I am generally interested in biogeographic patterns and mechanisms, and the processes driving the evolution of morphological and life history traits of animals. I particularly like studying island systems because of their replicated natural experiment characteristics, and because, well… they’re just fun!

I like being out in the field, searching for wildlife, measuring whatever I can, in as many locations I can. But if that is not possible, then I am equally happy to visit museum collections or sitting in a room with the AC on, a cup of coffee and some good music in my ears, and pulling out published data. I like comparisons, and the more data I have – the merrier! I have to admit, as neardy as it sounds: it really pleases me seeing new complete rows in my data sheets (to the verge of this being addictive).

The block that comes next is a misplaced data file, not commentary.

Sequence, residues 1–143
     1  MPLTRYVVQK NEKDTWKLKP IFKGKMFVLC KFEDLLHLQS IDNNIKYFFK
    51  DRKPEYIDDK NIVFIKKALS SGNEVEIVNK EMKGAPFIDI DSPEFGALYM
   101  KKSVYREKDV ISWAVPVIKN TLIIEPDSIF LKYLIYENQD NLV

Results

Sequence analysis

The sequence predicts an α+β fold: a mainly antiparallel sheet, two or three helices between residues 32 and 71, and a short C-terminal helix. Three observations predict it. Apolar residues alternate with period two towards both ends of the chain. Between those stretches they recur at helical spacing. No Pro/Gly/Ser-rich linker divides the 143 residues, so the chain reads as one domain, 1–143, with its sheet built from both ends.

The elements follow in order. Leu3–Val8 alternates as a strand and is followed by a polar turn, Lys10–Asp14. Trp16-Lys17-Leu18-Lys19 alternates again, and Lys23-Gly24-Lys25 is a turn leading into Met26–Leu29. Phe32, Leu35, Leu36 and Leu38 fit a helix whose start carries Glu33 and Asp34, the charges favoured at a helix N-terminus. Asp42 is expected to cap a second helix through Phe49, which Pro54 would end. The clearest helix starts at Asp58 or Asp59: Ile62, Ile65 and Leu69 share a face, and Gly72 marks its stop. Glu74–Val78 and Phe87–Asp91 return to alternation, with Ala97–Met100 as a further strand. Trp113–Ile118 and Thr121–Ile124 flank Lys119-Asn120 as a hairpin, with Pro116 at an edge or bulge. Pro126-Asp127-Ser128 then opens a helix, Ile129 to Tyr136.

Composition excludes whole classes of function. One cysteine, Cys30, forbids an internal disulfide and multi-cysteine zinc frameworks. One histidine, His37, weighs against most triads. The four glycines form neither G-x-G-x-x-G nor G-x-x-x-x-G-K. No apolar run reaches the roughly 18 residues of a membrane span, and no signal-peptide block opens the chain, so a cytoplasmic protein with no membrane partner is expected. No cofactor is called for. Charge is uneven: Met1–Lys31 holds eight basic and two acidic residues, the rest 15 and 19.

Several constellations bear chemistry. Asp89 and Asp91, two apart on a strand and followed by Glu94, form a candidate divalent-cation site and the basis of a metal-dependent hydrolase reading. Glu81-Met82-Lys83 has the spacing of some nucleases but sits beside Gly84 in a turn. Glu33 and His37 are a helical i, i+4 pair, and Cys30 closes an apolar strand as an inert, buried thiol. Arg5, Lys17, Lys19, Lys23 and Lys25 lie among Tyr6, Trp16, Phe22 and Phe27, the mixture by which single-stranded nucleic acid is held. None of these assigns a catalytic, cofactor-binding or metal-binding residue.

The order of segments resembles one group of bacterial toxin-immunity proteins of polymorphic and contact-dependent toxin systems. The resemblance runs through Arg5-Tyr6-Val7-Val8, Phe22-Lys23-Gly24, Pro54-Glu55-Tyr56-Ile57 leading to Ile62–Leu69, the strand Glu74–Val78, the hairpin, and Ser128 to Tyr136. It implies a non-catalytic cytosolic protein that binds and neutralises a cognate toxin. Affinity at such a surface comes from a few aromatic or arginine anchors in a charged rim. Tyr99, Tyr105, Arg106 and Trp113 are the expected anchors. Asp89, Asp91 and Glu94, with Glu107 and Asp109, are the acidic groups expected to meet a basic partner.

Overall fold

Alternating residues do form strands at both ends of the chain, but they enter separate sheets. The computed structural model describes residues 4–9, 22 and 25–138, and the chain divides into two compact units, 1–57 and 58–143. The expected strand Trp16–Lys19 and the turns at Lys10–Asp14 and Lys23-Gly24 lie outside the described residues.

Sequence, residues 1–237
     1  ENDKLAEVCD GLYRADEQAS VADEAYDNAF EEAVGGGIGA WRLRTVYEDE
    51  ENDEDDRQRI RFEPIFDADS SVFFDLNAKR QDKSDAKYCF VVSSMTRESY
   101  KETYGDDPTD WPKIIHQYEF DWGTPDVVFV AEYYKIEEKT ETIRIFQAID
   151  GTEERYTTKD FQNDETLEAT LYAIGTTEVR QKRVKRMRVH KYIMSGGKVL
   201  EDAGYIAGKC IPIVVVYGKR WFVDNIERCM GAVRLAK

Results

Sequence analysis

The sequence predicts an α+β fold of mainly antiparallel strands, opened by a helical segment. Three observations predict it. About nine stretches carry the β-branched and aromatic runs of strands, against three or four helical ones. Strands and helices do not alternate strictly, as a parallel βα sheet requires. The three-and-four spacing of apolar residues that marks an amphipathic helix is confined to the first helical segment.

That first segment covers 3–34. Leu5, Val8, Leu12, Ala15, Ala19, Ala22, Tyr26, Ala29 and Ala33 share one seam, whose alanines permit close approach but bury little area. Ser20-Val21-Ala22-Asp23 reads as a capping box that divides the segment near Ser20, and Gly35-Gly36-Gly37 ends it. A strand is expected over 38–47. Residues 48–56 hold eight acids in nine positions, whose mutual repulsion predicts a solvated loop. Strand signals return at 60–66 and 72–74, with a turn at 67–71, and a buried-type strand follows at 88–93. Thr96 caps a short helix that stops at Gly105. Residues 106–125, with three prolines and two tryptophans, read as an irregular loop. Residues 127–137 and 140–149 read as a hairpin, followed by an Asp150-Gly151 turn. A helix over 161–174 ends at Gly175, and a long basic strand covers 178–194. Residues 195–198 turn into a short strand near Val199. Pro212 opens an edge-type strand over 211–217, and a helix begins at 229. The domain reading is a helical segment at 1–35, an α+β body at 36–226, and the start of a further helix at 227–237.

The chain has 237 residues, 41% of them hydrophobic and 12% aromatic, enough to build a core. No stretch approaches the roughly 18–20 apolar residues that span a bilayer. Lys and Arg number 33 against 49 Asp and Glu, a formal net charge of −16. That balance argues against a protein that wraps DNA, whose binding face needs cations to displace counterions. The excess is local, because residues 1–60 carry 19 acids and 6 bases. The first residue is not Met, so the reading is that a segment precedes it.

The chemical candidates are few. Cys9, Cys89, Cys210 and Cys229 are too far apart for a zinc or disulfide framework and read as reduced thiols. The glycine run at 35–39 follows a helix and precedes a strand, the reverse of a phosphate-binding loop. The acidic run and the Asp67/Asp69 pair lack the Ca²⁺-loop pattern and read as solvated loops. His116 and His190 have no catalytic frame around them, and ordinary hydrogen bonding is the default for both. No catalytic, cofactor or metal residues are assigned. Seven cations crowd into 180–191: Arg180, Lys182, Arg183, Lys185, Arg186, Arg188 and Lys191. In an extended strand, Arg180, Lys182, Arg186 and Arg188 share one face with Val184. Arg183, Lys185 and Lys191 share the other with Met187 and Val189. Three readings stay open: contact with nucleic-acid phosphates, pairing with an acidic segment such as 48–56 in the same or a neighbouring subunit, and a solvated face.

Since 2018 a lot of my attention is dedicated to the relationship between humans and nature, and how the ever-increasing presence of humans world-wide alters natural biological patterns. We know that anthropogenic activities are increasingly changing the natural world – they are transforming habitats, affecting species traits and distributions, modifying ecological communities, and even generating novel organisms. These alterations have severe environmental and economic implications. Understanding their large-scale effects has therefore become a pressing challenge, and a main research lane I have decided to follow. Within this context I am mostly focusing on the effects of urbanization.

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